At CHOP, the investigator is permitted to make the determination that what they are doing does not meet the definition of human subjects research. Only activities that meet the definition of human subjects research require submission to the IRB for a review and approval or for a determination of exemption. However, there are many situations where it may be unclear whether or not the proposed activities meet the definition of research and if it does, whether or not it involves human subjects. Requests for the IRB to make a determination as whether or not an activity meets the definition of human subjects research should be submitted via the eIRB system. Examples:

    A QI may produce as a byproduct information that is worth sharing. Depending on the design of the project, it might or might not be human subjects research.

    Receipt of a large Medicaid data set containing hundreds of thousands of records might contain birth dates and dates of service. If the investigator is uncertain, the IRB would need to determine if the individuals would be readily identifiable or not.

  2. Is innovative care designed to enhance the well-being of an individual using an FDA approved drug or device research?

    No. The FDA and the IRB do not regulate the practice of medicine. Since the drugs, biologic or device is approved and the intent is to provide care for an individual patient and not to produce generalizable knowledge, this is not human subjects research.

  3. Is a database (registry) designed for use in future research considered research?

    Yes. If the database/registry is being designed and used for the purposes of future research then even though no research activities are planned per se, this is considered research and also falls under the requirements of HIPAA. If the database will be used primarily for clinical care or hospital operations purposes, then prior IRB approval is not required. However, any research that intends to use the information from the database would require IRB review and approval.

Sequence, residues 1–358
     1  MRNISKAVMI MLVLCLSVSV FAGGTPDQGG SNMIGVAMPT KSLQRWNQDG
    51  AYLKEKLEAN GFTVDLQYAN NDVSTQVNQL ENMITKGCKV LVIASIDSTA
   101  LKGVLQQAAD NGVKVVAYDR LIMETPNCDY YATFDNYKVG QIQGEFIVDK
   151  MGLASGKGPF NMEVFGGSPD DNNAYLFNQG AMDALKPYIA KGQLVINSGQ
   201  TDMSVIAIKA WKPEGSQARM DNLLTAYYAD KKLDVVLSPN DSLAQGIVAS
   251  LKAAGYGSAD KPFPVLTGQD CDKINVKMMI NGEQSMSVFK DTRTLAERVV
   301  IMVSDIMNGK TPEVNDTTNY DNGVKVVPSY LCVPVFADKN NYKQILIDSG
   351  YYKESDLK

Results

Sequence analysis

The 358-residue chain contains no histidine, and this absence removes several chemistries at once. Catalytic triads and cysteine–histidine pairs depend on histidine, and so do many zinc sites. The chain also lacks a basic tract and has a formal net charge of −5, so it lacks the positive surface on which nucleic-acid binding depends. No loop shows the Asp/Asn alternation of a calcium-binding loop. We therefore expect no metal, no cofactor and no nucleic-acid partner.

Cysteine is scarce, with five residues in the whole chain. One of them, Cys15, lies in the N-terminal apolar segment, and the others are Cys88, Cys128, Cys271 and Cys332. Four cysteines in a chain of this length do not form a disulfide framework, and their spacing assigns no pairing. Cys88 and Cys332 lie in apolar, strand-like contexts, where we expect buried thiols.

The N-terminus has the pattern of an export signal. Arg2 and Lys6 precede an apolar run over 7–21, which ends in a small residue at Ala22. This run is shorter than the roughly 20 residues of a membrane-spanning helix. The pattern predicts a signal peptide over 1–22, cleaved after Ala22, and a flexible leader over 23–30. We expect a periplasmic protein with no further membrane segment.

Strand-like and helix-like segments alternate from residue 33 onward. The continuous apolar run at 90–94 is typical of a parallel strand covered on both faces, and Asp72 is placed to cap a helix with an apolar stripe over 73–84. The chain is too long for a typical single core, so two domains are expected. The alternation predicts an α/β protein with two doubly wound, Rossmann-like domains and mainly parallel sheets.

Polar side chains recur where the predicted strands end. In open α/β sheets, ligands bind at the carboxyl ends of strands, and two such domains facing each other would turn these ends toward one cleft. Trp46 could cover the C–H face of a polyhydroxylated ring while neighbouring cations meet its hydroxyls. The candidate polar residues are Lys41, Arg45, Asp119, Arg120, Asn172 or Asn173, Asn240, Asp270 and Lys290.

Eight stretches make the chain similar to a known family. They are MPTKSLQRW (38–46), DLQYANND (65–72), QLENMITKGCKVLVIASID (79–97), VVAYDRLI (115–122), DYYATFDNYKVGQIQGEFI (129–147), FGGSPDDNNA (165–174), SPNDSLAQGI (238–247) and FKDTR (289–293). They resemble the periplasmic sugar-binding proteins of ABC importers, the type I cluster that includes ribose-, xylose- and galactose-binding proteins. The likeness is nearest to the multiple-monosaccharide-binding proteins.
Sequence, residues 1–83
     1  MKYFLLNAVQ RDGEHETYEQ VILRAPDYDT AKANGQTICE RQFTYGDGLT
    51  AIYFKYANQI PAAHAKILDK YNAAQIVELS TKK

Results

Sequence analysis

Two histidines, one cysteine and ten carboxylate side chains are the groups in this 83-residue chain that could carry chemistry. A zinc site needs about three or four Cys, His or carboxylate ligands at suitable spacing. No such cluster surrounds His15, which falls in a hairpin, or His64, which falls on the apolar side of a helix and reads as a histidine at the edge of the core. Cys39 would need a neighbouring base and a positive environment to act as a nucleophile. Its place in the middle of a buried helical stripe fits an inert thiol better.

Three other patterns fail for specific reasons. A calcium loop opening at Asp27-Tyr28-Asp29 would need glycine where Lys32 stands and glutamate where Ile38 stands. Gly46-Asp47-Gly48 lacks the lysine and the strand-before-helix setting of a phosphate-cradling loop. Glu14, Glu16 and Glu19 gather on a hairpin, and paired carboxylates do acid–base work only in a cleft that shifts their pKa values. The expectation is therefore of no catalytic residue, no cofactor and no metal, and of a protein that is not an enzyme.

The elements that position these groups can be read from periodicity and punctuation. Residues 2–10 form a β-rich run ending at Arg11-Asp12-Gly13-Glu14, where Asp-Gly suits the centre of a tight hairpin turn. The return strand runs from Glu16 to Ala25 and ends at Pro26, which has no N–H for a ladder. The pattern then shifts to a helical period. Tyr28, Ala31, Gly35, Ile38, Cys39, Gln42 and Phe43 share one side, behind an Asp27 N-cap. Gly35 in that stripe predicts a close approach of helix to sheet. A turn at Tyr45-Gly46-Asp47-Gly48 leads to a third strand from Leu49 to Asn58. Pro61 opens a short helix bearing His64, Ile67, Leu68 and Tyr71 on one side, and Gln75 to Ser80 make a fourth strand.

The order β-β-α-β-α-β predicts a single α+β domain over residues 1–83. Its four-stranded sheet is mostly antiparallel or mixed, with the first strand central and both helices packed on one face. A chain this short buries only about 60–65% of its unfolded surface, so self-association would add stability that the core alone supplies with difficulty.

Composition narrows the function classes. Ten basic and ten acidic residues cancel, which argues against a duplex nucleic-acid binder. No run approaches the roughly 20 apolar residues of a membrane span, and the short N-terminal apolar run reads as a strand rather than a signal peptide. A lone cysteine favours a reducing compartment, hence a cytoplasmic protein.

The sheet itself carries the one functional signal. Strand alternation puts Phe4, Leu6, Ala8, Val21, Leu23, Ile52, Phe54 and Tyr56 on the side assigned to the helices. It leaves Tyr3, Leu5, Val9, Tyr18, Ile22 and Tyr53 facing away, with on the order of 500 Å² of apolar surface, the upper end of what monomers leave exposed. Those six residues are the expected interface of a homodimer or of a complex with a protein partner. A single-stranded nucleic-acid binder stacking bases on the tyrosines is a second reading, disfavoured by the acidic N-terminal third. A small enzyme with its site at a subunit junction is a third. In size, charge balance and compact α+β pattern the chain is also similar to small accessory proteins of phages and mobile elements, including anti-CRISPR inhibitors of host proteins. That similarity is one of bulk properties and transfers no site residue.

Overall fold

4. Does a case report require prior IRB review?

    No. The CHOP IRB does not consider retrospective case reports to meet the definition of research. However, prospective research involving just a single subject do not qualify as case reports just because the research is limited to one individual.

  5. What about a case series?

    It depends; a determination from the IRB may be necessary. A case series can be several notable cases reported at the same time. The IRB does not consider this to be research. In IRB SOP 407: Determining When a Proposal Meets the Definition of Human Subjects Research, the IRB excludes case series of 5 or fewer patients from review. Case series with 6 or more cases must be submitted to the IRB as research or for a determination that they do not meet the definition of research. The rationale for this requirement is that case series involving greater than 5 records frequently involve dozens of records and could be more appropriately classified as descriptive or observational research. See the IRB's webpage on Study Design